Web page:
Visitation is usually referred to as parenting time and indicates a specific schedule that each parent has with their child. Both parents may request visitation, and it is also possible for grandparents to file a case for parenting time in some situations.
You can learn more about your right to spend time with your children by contacting a skilled child custody attorney from our firm. One of our Suwanee visitation lawyers can help you understand and assert your rights in and out of the courtroom.
Visitation is different from custody. There is physical custody, which is where the children live, and there is legal custody, which is who makes decisions about the children’s welfare. Visitation or parenting time, on the other hand, is a schedule specifying when the kids are with their non-custodial parent. Parents who are not awarded physical custody still have a right to spend time with their children, absent evidence of otherwise.
The amount of contact visitation allows between a parent and child depends on what the court or parents decide is in the child’s best interests. Suwanee courts typically want to see the child have a close relationship with both parents, which means equal parenting time for both parents.
Most often, though, we see judges awarding a primary physical custodian with 60 percent of parenting time and the secondary physical custodian with the remaining 40 percent. Typically, unless there is a serious concern about the safety and caring capacity of either parent, both parents are going to have liberal time with their children.
Ideally, parents will determine and regulate visitation on their own in an agreement that they deem to be in the best interests of the children. If parents cannot come to an agreement, a guardian ad litem may be appointed to represent the best interests of the kids before a judge.
The court-appointed attorney will conduct an investigation and make a recommendation to the court on what they think is in the best interests of the child regarding visitation and custody. If the case goes to trial, then the judge is the one who ultimately decides on an appropriate parenting schedule, regardless of either parents’ wishes.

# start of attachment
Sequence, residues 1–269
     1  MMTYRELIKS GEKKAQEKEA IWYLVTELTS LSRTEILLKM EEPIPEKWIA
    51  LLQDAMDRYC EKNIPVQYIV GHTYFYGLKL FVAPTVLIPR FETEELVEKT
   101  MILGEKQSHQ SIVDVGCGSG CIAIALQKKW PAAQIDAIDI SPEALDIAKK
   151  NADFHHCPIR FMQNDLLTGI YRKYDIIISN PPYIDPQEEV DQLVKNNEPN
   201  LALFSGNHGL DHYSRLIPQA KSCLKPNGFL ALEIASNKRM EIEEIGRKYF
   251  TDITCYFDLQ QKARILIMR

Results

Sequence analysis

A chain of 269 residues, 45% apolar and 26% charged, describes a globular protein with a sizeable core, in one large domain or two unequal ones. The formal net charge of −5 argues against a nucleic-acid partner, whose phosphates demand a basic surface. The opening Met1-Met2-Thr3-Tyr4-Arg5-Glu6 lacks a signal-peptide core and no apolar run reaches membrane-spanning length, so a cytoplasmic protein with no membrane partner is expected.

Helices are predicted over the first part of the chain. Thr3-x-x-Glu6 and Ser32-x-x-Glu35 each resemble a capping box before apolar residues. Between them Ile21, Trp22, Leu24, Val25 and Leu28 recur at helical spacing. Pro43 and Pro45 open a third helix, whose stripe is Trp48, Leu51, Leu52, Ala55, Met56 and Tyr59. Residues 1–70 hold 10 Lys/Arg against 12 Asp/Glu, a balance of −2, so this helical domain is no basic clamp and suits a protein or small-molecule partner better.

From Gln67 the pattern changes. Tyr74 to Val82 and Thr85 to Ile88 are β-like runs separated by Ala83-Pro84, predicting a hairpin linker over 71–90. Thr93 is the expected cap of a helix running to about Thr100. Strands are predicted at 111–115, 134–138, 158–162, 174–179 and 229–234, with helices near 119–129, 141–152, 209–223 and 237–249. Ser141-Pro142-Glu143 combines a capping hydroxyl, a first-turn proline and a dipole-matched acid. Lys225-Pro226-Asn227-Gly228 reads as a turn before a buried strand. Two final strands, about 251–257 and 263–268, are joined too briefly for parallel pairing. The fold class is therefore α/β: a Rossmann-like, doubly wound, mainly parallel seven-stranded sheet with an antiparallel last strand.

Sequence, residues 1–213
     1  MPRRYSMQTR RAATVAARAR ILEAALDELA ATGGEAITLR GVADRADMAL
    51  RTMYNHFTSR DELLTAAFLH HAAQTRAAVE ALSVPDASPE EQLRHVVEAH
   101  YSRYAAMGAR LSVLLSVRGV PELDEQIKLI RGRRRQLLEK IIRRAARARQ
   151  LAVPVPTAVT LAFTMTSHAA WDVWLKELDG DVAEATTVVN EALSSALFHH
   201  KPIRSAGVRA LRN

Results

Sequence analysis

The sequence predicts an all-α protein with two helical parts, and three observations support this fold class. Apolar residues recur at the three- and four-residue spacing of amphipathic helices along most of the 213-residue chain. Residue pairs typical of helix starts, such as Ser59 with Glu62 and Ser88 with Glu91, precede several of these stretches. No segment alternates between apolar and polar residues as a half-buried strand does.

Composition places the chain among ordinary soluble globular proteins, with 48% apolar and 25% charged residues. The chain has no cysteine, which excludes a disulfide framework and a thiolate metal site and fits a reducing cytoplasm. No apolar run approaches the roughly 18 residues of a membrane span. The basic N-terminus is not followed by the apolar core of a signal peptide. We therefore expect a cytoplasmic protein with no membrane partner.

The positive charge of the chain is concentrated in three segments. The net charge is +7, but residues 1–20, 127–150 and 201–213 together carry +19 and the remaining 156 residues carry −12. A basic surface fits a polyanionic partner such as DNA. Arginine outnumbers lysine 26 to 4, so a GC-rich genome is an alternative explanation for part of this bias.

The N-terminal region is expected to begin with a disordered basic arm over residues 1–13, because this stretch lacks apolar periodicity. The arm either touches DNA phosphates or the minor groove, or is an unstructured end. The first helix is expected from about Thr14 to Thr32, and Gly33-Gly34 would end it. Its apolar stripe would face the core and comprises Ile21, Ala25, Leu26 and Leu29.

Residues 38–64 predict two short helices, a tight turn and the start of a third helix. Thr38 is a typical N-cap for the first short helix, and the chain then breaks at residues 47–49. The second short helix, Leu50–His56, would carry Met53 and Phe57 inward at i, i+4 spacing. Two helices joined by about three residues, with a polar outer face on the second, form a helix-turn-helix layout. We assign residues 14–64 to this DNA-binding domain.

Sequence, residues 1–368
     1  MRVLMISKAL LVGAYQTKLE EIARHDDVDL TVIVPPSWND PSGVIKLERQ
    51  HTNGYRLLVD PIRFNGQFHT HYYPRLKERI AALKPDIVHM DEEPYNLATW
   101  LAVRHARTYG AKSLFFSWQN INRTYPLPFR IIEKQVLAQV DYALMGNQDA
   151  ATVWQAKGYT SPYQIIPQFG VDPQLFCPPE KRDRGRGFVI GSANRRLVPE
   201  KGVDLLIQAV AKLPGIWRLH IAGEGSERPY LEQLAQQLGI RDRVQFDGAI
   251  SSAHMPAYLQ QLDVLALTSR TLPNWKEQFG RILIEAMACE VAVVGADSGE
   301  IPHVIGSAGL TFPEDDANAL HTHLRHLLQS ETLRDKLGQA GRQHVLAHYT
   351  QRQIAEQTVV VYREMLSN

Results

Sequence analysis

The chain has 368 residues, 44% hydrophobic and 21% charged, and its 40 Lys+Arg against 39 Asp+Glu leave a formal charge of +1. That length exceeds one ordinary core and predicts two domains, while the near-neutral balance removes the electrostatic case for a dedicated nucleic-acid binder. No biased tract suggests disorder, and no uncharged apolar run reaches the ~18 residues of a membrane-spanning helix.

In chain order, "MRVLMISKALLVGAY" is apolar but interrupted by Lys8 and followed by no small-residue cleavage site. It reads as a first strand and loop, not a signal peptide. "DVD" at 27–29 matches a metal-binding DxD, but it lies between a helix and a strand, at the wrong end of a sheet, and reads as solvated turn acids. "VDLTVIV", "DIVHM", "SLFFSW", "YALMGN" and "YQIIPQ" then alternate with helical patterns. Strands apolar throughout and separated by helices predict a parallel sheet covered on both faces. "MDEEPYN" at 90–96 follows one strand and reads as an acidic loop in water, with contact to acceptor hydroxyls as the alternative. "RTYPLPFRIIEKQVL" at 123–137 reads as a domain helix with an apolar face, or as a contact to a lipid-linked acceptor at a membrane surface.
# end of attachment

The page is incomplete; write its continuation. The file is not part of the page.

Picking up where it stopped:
The most common family law situation that leads to an award of visitation rights in Suwanee is divorce. When two parents get divorced, the court must decide who will get to see the children and when, based on their best interests.
Another common scenario is a legitimation case. When there has never been a marriage and/or any kind of acknowledgement of paternity, the biological father can ask for a visitation schedule during the legitimation of his paternal relationship to the child.
Supervised visitation may be appropriate in situations where there is a concern about child safety with one parent. Sometimes, parenting time may be supervised by any individual whom the parents can agree on. For example, parents might be able to agree to a mutual friend or family member that both of them trust to be present during the visit. That is technically supervised visitation, but it allows some flexibility.
In other cases, one parent drops the child off at a local visitation center, and the parent with supervised parenting time must complete their visit there and cannot leave with the child. Supervised visitation may also take place at a park or mall and can even involve an activity with the child, but a supervisor comes along and makes sure everything is appropriate and safe.
Working with a local attorney who is familiar with what the courts typically order, and what guardians typically recommend for parenting time, can help you avoid asking a judge for something that is highly unlikely. When an individual drafts their own visitation schedule and submits it to the court without an attorney’s help, there are many different things that that parent may not have thought to include. Don’t let something you don’t know stop you from having full visitation rights with your children.
Our Suwanee visitation lawyers know all the details that need to be addressed to have the best chance of reducing conflict between parents. Call our intake team today to learn more.